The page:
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Moels [Meulles, Molis], Sir Nicholas delocked

(d. 1268/9)
  • Henry Summerson

Moels [Meulles, Molis], Sir Nicholas de (d. 1268/9), soldier and diplomat, was of uncertain origins. The fact that his landed interests came to be heavily concentrated in south-west England suggests an affiliation (albeit probably remote) with the Devon family of Molis or Mules, whose name derived from Meulles in Normandy (Calvados). Moels had entered the service of King John by 1215, probably as a soldier, and was rewarded with grants of rebels' lands; in 1217 he received the manor of Watlington, Oxfordshire, for his maintenance. He fought in Wales in 1223, and took part in the siege of Bedford Castle in 1224. But he also acted as a diplomat, going on embassies to Germany in 1225, and to France in 1228; by this time he was a knight of the king's household. In 1230 he accompanied Henry III to Brittany, and was sent to make contact with the king's mother and her husband, the count of La Marche. In 1232 he went to the Welsh marches, at first to negotiate with Llywelyn ab Iorwerth, and then to take command of St Briavel's Castle, Gloucestershire. In 1234 he was appointed sheriff of Devon, an office he exercised through a deputy, and also warden of the Channel Islands. But he held the latter post for only a few months, and went abroad again on embassy in October 1235. His standing at court is shown by his having been one of the sceptre-bearers at the coronation of Queen Eleanor on 20 January 1236. In 1239 he became sheriff of Yorkshire, and at about the same time had the custody of the vacant see of Durham, and of the lands of the earl of Lincoln and the Earl Warenne.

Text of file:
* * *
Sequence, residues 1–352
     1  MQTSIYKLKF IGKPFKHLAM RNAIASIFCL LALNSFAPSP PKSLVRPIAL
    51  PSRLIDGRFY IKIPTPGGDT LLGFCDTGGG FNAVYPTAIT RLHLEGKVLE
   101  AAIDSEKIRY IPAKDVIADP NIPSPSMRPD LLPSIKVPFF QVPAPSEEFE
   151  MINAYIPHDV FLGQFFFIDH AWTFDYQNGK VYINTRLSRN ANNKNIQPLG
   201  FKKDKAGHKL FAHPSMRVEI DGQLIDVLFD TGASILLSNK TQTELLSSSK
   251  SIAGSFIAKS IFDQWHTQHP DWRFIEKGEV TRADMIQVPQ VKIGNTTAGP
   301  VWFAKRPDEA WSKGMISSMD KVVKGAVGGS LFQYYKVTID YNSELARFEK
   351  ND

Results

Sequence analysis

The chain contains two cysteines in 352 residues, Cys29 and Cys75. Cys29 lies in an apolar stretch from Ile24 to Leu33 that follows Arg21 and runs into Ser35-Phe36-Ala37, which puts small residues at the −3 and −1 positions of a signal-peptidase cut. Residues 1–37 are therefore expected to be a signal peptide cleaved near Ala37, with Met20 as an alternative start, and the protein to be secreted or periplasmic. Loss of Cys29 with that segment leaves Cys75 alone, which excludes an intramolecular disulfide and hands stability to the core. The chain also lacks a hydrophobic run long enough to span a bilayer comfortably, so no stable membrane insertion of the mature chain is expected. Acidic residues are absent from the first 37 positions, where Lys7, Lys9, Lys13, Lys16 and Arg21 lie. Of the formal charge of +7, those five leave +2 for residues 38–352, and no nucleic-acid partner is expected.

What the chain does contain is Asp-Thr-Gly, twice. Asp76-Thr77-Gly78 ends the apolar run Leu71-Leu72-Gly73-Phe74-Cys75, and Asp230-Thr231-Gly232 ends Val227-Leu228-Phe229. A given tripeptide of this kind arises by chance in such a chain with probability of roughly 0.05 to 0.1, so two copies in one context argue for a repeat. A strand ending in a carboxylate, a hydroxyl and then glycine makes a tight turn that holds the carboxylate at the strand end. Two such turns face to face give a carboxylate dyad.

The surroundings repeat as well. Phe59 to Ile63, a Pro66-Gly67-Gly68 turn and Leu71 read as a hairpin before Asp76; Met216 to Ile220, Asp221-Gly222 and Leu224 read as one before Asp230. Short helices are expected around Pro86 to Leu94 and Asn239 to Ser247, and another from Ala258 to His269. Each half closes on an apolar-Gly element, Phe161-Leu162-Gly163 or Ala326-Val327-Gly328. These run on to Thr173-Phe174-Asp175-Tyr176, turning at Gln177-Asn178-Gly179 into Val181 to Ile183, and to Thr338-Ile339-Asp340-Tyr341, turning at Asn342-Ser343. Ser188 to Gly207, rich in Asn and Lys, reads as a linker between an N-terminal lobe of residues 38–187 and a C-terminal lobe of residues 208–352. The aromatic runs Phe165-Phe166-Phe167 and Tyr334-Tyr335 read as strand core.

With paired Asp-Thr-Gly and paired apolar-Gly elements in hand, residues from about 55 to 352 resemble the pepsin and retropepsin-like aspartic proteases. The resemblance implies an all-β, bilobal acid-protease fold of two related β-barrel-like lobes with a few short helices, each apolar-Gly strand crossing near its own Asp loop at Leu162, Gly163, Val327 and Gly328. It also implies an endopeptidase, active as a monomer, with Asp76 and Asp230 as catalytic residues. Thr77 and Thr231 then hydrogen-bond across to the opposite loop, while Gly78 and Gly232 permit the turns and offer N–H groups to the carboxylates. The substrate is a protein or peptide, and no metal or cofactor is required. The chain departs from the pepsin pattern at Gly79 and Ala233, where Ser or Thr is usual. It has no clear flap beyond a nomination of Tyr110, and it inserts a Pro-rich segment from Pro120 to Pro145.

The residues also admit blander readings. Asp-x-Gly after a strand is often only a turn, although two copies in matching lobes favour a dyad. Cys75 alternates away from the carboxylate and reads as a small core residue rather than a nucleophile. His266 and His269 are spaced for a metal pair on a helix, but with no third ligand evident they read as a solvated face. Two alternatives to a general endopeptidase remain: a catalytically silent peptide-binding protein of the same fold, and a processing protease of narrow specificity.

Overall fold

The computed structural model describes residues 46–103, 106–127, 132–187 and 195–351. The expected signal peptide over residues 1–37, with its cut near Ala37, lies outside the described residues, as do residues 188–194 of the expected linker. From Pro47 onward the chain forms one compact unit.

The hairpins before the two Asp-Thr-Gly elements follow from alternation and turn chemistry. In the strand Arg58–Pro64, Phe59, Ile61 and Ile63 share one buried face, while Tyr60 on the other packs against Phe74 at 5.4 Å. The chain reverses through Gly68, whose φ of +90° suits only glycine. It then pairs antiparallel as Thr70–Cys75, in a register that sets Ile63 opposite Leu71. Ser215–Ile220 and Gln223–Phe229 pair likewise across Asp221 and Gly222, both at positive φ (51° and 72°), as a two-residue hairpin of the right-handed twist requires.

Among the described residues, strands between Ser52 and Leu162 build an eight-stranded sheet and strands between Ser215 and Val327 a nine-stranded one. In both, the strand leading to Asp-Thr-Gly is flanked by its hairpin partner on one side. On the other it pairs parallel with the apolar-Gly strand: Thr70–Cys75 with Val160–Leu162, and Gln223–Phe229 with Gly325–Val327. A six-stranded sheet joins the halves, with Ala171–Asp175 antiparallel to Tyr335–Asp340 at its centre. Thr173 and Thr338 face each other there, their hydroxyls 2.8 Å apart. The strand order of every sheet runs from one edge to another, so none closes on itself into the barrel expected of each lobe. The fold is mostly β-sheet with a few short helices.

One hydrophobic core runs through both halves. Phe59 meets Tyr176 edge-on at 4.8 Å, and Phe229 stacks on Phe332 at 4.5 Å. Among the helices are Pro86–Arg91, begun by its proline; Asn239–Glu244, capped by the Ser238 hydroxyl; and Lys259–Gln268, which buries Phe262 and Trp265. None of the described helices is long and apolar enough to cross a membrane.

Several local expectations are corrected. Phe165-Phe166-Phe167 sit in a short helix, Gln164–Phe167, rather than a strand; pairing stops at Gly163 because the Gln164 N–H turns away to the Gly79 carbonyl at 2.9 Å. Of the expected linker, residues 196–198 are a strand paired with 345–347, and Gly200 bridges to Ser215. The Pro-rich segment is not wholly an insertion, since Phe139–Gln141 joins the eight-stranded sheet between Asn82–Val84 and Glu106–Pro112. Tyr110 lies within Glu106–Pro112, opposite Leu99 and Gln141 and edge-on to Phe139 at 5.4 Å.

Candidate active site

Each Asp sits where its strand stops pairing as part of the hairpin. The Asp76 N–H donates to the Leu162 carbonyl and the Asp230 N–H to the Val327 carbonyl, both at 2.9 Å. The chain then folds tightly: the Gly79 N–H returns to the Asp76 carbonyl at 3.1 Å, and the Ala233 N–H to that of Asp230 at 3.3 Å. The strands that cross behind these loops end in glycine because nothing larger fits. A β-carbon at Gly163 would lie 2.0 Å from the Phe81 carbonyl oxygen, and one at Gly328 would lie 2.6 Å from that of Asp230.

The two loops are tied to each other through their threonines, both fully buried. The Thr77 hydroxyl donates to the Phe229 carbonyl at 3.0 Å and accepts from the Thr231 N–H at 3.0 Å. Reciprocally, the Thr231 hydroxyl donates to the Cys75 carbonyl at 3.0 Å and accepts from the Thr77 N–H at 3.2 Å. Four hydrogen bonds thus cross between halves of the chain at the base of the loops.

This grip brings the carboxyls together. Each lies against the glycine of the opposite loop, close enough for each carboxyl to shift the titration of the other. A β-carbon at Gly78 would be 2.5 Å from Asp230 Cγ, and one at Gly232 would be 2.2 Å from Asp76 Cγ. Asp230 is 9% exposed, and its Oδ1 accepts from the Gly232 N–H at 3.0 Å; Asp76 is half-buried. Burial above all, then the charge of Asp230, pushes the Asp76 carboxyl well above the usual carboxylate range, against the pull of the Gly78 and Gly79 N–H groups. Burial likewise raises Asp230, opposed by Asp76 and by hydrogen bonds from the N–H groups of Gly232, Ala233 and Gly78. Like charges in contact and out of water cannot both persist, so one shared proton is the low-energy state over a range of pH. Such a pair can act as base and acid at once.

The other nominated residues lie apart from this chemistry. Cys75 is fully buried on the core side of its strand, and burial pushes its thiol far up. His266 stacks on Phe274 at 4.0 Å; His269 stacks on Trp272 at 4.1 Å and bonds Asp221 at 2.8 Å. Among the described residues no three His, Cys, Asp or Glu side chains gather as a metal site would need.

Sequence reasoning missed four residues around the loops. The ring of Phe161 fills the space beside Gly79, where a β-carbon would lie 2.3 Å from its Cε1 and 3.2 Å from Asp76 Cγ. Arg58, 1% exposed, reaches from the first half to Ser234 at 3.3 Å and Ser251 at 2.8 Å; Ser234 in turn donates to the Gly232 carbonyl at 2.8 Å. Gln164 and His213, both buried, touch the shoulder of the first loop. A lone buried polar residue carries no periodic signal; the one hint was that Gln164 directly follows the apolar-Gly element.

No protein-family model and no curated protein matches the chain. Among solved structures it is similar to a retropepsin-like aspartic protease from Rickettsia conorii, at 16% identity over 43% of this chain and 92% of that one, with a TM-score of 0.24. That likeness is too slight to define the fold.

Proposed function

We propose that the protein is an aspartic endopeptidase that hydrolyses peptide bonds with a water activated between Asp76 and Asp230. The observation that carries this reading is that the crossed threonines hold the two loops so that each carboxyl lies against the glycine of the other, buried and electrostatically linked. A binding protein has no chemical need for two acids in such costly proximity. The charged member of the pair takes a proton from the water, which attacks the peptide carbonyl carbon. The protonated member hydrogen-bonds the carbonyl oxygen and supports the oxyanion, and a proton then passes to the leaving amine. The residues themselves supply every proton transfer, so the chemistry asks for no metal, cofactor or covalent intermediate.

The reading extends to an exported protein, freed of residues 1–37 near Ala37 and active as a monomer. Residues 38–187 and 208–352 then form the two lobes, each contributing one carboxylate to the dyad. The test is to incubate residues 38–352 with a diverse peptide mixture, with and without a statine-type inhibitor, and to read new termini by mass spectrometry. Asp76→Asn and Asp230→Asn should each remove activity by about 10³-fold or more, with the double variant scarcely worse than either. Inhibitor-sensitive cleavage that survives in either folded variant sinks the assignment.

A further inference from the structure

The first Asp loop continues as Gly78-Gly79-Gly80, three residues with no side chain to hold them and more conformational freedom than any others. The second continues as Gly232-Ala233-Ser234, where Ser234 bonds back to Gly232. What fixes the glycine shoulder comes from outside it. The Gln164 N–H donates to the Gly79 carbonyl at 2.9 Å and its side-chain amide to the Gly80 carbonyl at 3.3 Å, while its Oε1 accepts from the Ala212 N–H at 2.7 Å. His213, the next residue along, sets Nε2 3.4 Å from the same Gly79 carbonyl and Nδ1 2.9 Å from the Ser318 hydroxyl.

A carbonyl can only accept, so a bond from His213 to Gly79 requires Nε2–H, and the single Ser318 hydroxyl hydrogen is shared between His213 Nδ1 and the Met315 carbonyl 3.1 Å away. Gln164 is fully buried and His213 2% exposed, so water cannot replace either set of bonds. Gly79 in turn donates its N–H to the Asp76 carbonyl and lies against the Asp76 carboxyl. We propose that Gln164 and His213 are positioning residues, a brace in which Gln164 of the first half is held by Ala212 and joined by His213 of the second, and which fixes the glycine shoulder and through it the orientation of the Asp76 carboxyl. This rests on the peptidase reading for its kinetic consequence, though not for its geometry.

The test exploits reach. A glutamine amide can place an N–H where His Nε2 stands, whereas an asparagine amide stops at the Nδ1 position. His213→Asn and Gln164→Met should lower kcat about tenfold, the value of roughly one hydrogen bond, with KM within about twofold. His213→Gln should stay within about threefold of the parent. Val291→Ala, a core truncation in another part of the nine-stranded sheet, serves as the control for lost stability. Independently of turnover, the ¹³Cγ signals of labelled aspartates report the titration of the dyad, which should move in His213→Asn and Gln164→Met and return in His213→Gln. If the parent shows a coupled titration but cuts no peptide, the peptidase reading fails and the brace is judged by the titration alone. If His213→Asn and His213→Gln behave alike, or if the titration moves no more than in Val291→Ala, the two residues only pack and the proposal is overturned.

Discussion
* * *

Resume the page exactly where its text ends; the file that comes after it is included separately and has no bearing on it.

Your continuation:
In 1241 Moels went abroad again, on an embassy to the count of Angoulême, and in the following year accompanied Henry III on his expedition to Gascony. He acted as one of the king's envoys to Louis IX of France, to deliver the charge of truce-breaking which justified the outbreak of hostilities. Then, as part of King Henry's arrangements for the government of Gascony, on 17 June 1243 he was appointed seneschal of the duchy, with a yearly salary of 1000 marks. Shortly afterwards there were serious outbreaks of disorder in the south of Gascony, and during his efforts to suppress them Moels appears to have suffered a sharp reverse before the castle of Gorro. His enthusiasm for his charge dwindled, so much so that on 8 September Henry promised that he could resign his office after a year if he chose. In the event his seneschalcy was reasonably successful. He made peace with the troublesome Arnaud Guillaume, lord of Gramont, and his rule was remembered as benevolent by the townsmen of Sault de Navailles. And when Thibault I, king of Navarre, invaded Gascony in November 1244, in pursuit of a claim to the vicomté of Béarn, Moels defeated him and drove him out of the duchy.